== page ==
Not all of the above claims have gone uncontested. The President of the German Heritage Society of Greater Washington D.C., for example, insists that the Jamestown glassmakers were Germans. As for baseball, I have found only one website referencing the possibility that the national pastime was invented in Poland and arrived at Jamestown in 1608.
     In reality, the Polish pioneers offer an opportunity to explore new perspectives on Jamestown. On the website, James Horn participated in a program on “Global Jamestown and the Poles.” Patrick Griffin from the University of Virginia and John Radzilowski from the University of St. Thomas joined Horn.
     Many of the one hundred and four Englishmen who first landed at Jamestown were already men of the world. They had traveled to the Caribbean, South America, West Africa, Russia and China. Captain John Smith fought as a young mercenary across France, the Netherlands and southwest Europe to the edge of the Ottoman Empire.
     From the beginning, Jamestown was a business enterprise. The Virginia Company recruited skilled workers from throughout Europe, including Italian glassmakers, German miners, French winemakers and Poles skilled in making tar and pitch. England connected Jamestown to an Atlantic Economy. The British traded everywhere and anywhere. Grain and lumber products reached London, for example, through the Polish port of Gdansk. At Jamestown, the British hoped to develop their own source of masts, clapboards, tar and pitch. Horn and his colleagues observed that the 17th-century world ran on wood and wood products. Dark, viscous pitch served as the era’s universal glue, sealing up everything from ships to casks to houses. It was the crude oil of the 17th century.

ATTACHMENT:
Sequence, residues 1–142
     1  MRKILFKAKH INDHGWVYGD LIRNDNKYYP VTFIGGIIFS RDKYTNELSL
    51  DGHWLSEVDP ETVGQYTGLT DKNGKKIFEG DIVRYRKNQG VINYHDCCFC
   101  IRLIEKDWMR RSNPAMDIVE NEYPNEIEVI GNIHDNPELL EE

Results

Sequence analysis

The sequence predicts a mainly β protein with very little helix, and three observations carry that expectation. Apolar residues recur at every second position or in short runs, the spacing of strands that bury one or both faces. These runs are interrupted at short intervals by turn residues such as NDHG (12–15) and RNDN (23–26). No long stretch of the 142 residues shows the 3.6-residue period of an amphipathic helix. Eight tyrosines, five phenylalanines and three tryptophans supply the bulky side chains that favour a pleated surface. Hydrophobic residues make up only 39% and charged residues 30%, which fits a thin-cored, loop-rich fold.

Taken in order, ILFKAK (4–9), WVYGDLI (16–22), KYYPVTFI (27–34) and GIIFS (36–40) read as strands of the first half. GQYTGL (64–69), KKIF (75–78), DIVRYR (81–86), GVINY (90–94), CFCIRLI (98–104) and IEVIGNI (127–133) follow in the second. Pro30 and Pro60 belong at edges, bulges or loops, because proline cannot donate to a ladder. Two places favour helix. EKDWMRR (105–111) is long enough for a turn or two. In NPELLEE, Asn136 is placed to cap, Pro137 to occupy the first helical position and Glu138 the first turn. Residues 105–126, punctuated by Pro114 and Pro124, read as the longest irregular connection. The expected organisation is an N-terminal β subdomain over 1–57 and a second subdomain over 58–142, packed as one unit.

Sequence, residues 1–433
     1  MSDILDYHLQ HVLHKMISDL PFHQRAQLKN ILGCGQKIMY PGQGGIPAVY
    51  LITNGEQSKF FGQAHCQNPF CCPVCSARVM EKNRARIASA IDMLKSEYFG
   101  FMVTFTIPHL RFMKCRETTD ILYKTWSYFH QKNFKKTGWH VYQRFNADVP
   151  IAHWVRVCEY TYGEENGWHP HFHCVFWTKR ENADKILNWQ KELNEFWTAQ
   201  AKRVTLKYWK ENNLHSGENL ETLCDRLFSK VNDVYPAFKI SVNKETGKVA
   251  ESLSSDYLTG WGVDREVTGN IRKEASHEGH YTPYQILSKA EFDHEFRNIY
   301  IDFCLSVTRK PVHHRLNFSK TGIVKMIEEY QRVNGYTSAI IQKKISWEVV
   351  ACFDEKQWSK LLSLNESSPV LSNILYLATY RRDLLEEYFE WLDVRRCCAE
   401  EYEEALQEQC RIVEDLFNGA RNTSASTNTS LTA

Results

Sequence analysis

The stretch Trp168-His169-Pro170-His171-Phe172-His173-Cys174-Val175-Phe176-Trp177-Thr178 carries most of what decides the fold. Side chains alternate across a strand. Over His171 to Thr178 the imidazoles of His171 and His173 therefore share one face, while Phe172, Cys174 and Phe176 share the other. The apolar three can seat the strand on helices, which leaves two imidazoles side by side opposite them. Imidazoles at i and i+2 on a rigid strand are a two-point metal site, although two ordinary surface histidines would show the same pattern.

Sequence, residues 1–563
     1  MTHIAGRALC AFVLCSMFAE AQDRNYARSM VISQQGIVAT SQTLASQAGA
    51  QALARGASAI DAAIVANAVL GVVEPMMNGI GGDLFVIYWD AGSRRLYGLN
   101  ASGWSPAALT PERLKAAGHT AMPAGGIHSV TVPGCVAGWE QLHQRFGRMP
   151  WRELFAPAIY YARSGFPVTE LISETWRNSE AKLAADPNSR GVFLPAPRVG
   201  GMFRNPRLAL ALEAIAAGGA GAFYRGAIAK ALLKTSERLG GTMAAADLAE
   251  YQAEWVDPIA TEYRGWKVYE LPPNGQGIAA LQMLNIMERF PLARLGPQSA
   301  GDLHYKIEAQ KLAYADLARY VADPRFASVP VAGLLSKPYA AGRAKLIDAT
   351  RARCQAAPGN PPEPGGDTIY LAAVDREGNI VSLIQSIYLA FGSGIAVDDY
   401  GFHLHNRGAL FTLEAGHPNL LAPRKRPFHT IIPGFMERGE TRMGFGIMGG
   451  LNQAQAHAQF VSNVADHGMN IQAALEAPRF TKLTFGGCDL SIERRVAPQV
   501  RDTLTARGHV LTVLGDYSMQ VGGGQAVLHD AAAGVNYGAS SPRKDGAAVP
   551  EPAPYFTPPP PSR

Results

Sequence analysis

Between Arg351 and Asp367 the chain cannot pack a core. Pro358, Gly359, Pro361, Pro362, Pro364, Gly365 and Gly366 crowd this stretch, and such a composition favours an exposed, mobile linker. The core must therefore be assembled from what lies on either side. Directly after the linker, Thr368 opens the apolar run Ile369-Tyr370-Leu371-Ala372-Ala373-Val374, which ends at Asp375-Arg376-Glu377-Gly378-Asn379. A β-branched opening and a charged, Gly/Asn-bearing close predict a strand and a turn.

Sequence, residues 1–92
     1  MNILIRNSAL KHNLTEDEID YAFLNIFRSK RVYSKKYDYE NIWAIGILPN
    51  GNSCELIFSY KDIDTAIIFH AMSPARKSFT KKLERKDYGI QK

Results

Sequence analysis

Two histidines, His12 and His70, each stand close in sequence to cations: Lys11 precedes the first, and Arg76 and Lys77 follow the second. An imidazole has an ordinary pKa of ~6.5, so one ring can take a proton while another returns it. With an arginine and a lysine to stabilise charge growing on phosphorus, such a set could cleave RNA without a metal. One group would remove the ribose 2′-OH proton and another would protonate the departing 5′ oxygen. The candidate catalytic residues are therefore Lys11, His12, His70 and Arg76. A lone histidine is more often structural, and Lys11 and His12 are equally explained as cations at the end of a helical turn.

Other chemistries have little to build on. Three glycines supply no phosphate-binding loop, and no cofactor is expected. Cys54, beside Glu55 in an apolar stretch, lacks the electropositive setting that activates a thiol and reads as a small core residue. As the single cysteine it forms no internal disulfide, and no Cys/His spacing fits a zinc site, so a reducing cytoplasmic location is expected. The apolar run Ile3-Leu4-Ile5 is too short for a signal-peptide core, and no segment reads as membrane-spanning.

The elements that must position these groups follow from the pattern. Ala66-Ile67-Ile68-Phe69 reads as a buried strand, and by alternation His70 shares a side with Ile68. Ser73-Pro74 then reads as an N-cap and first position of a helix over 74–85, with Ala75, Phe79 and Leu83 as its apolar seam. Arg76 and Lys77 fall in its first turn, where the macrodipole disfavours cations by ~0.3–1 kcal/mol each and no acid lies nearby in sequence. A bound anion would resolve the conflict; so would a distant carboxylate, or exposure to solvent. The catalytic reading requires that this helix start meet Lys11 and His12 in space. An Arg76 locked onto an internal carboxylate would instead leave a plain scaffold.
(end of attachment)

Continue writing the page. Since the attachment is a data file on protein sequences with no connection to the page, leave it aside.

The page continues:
Placing Jamestown within a global perspective constitutes a new interpretation of colonial history. Exponents of an older viewpoint included architect and arts educator H. Chandlee Forman, who wrote extensively on the architecture and artifacts of Colonial Tidewater Maryland. As a young professional, he was involved in an archeological investigation of Jamestown for the National Park Service. His Jamestown experience and subsequent research led Forman to conclude, “No one can fully understand early Maryland including the Eastern Shore without some knowledge of the history, arts, and customs of Great Britain and Ireland.”
     Forman argued, “Our artifacts show us to be more British than we knew.” This was true of as simple an object as a rushlight that he connected with remote cottages in Yorkshire. For Forman, it was certainly true regarding architecture. He identified five architectural styles in the Colonial and Early National periods, all of which were British. Buildings constructed in these styles after the period in which they flourished constituted a sixth style – the Hangover Style.
     Today, for example, residents of Easton often point to their town’s architecture as marking it as the “Colonial Capital of the Eastern Shore.” In the 1950s, however, Forman himself insisted that his proposed restoration of the county courthouse square was “done not in Colonial or Post Colonial, but in Hangover Georgian.” He further asserted, “Literally, there is no such thing in the architecture of Tidewater Maryland as the Colonial Style or the Colonial Type – Eastern Shoremen, please note. The Colonial is a myth and never existed at all. During the colonial period there were only the English styles.” In short, for Forman, Easton’s architecture did not illustrate that it was the “Colonial Capitol of the Eastern Shore.” The courthouse square and subsequent “modern colonial” buildings brand the town as the Hangover Capitol of the Eastern Shore.
     In 2007, James Horn and his colleagues have broadened Forman’s perspective on the colonial world. They insist that we were more British than even Forman knew. In the 17th century, as the Jamestown Poles illustrate, the British recruited artisans from around the world to produce raw materials and artifacts that reflected a vibrant global economy. With the introduction of slave labor in 1619, African influences were introduced to the colony. The historians at note that we think of ourselves today in global terms. In fact, the first settlers at Jamestown were more like us than we realize.